Educators concerned about test

Common Core State Standards

The new Smarter Balanced test will have two scores — temporarily — one measuring graduation standards and another “career and college readiness.”

Graphic by Kathy Huggins/Itemizer-Observer
The new Smarter Balanced test will have two scores — temporarily — one measuring graduation standards and another “career and college readiness.”

POLK COUNTY — The exact numbers are still not in, but one thing is certain: two scores will be used to evaluate students on the new Smarter Balanced Assessment.

“There’s going to be two different levels that we’re looking at,” said Crystal Greene, communications director at the Oregon Department of Education.

The two different thresholds — the passing benchmark versus the college and career ready score — are because Oregon law stipulates a student must know what is expected of him or her to graduate by the time he or she enters the eighth grade, Greene said.

Until 2019, students will only be asked to meet a score on the Smarter Balanced test equivalent to current Oregon Assessment of Knowledge and Skills standards. That score — and how it will be translated from the OAKS to Smarter Balanced — is yet to be determined.

“Let’s be realistic,” said Buzz Brazeau, Central School District superintendent. “There’s going to be a score here, and another score that’s rated higher, so it won’t be impacting the graduation of our students but will be reflecting the gap of where we are as a state and the perception of where we want to be.

“That’s going to be a tough one for everyone to explain.”

Introducing the new test and the unknowns surrounding what the difference between what a “meeting” score will be and the “college and career ready” score has educators at a loss as to what to expect.

Falls City Superintendent Jack Thompson said he’s concerned first of all about the anticipated drop in pass rates because of the new test and how that will appear to parents.

“That’s going to look really bad,” he said. “I’m really worried about that.”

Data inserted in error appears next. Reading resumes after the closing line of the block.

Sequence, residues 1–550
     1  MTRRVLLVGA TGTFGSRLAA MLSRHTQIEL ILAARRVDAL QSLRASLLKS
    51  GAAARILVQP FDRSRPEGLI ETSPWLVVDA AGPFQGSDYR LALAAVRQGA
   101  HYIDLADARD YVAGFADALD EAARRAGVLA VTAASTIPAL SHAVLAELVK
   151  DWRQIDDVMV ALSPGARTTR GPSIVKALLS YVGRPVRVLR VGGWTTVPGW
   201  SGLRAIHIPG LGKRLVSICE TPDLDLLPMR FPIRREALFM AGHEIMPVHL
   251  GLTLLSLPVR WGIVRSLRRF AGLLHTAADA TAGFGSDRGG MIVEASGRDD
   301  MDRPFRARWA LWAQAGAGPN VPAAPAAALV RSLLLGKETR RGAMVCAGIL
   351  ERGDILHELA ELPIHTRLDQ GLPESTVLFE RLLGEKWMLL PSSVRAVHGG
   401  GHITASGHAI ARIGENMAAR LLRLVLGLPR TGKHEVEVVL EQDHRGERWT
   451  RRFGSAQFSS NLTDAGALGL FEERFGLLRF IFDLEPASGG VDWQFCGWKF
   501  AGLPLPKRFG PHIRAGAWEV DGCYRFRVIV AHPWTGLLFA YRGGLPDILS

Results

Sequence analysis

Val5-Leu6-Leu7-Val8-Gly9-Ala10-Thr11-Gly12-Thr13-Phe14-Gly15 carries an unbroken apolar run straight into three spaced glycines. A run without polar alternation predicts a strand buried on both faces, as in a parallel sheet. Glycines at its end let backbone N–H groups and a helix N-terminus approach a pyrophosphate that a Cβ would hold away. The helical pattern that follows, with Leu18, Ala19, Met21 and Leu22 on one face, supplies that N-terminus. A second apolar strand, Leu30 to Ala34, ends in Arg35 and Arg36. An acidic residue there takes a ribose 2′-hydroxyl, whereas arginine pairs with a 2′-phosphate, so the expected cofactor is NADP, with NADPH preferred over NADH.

Thompson said he’s also concerned about how students will react to two separate scores — especially those who “meet” the temporary graduation standard, but not the higher “career and college ready” standard.

“Are we going to discourage kids from pursuing higher education because of that?” he asked.

Thompson said Falls City will provide ample opportunity for students to demonstrate proficiency through work samples rather than solely relying on scores from a new test in a new format.

“We’ve got to make sure we do our due diligence as a district, making sure we are keeping track,” he said. “Kids have to find a way to graduate.”

Sophomores and juniors at Central High also have been given work sample assessments to try and ease the anxiety of the new test, Brazeau said.

Dallas School District put a similar program in place in 2013-14 to help students meet their essential skills requirements. Assistant Superintendent Cory Bradshaw said sophomores have taken the OAKS test, and those who earned “meeting” scores will still have to take the Smarter Balanced test as juniors, but will already have met graduation requirements.

Thompson said he is interested in seeing what the first year of Smarter Balanced testing reveals.

“Until you sit your kids down in front of the computer and have them take it, you don't know," he said.

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